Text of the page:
The probabilistic roadmap approach is a commonly used motion planning technique. A crucial ingredient of the approach is a sampling algorithm that samples the configuration space of the moving object for free configurations. Over the past decade many sampling techniques have been proposed. It is difficult to compare the different techniques because they were tested on different types of scenes, using different underlying libraries, implemented by different people on different machines. We compared twelve of such sampling techniques within a single environment on the same scenes. The results were surprising in the sense that techniques often performed differently than claimed by the designers. The study also showed how difficult it is to evaluate the quality of the techniques. The results should help users in deciding which technique is suitable for their situation.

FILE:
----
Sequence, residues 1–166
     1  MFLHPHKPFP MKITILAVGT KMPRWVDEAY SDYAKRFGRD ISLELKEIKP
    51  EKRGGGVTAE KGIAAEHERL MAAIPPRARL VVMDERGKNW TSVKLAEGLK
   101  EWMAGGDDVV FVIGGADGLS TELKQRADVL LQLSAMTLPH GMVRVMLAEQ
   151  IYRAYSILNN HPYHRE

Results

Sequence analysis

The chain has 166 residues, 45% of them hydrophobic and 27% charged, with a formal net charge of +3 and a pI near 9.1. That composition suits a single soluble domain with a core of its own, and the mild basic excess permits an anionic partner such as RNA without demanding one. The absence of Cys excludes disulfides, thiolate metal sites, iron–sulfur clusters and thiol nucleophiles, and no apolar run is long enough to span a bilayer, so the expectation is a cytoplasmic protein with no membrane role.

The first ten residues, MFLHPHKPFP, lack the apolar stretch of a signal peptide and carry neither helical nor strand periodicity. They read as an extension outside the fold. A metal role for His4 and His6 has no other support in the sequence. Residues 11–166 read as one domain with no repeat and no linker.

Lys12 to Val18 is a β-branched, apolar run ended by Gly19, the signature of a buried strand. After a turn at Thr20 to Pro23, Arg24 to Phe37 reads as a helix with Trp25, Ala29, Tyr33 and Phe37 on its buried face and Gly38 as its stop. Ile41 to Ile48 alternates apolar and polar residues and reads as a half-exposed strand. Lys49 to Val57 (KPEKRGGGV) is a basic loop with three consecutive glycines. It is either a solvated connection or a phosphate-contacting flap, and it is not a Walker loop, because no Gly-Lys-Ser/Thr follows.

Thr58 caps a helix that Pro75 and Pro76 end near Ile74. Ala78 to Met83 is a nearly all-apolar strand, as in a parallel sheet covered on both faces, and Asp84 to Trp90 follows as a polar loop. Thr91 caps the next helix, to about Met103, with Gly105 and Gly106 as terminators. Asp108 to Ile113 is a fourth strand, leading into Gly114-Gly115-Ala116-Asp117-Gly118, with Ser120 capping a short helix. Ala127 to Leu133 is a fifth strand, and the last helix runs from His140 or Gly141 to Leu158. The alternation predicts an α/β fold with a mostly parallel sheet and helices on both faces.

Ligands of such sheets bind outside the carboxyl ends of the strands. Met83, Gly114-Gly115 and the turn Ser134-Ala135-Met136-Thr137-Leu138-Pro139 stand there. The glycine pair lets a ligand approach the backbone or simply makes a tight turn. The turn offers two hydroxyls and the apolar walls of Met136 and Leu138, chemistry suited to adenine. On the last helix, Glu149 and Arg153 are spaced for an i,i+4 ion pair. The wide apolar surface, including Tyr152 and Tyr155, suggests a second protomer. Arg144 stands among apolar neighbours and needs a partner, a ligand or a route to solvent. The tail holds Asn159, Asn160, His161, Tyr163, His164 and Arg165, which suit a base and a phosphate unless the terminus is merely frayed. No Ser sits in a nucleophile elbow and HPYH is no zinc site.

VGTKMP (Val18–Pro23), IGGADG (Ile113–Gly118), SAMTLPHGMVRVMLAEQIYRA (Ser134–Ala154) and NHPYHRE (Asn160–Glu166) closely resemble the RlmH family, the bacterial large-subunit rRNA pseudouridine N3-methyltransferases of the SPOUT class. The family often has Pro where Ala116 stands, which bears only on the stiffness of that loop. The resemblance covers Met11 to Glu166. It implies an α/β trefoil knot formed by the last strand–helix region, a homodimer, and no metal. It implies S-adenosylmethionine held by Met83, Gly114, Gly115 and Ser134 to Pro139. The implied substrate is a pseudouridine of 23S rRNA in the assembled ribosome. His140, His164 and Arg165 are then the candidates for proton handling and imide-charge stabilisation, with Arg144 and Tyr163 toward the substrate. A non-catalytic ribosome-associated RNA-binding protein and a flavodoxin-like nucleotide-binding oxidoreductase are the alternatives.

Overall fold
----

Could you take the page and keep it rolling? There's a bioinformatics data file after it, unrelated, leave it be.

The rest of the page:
Roland Geraerts and Mark H. Overmars. Sampling and Node Adding in Probabilistic Roadmap Planners. Robotics and Autonomous Systems (RAS), 54:165-173, 2006.
Roland Geraerts and Mark H. Overmars. Sampling Techniques for Probabilistic Roadmap Planners. In Conference on Intelligent Autonomous Systems (IAS-8), pp. 600-609, 2004.
Roland Geraerts and Mark H. Overmars. A Comparative Study of Probabilistic Roadmap Planners. In Proc. Workshop on the Algorithmic Foundations of Robotics (WAFR'02), pp. 43-57, 2002.
A more elaborate version of this study can be found in Chapter 2 of my Ph.D. thesis.
The successor of this study can be found in our reachability analyses.
Some movies of the studied test scenes are showed on the motion planning software page.
The roadmap graph we get for the difficult hole test scene used in this paper. The left image shows the graph using halton sampling and the right image uses gaussian sampling.
These are the tested uniform sampling distributions. Each image shows a typical distribution of 500 samples.
These are the tested non-uniform sampling distributions. Each image shows a typical distribution of 500 samples.